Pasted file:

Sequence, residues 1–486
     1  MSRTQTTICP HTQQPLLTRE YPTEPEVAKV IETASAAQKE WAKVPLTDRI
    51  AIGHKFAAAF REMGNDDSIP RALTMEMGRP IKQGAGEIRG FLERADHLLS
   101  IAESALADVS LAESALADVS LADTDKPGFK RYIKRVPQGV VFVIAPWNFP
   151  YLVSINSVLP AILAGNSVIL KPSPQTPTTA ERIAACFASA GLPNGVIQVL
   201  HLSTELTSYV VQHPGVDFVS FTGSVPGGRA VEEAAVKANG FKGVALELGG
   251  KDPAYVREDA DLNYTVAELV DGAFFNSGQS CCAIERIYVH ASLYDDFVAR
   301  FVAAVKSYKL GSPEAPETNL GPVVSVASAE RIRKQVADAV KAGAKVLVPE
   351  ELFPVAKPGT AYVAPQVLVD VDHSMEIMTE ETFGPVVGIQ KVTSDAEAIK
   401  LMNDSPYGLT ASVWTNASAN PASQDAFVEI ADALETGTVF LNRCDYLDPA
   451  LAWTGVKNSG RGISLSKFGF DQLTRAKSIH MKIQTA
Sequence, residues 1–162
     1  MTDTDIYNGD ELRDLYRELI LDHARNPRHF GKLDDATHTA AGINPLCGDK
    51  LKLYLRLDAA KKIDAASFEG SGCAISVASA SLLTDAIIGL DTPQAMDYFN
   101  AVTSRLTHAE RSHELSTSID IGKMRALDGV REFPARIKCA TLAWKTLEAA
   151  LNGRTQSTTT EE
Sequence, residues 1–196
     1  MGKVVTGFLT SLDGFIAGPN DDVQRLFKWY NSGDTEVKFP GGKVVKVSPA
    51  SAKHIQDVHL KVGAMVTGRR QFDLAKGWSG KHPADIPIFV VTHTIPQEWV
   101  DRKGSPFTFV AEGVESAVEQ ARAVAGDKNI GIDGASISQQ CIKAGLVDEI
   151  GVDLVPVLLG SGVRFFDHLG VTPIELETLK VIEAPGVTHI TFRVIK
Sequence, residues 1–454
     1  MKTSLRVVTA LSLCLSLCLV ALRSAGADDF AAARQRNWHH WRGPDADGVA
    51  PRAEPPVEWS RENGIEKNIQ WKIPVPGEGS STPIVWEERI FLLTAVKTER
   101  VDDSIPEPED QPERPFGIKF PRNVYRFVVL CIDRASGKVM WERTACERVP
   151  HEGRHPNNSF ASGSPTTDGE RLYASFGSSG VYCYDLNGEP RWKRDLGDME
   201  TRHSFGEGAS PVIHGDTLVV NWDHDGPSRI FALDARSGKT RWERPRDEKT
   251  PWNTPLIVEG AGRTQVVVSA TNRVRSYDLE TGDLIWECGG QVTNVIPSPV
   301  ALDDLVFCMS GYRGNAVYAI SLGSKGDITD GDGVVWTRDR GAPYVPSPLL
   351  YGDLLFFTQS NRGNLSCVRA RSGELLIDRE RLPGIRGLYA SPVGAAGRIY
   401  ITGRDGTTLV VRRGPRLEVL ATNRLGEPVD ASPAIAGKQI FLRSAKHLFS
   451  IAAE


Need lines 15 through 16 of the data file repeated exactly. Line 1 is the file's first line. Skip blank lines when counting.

   101  AVTSRLTHAE RSHELSTSID IGKMRALDGV REFPARIKCA TLAWKTLEAA
   151  LNGRTQSTTT EE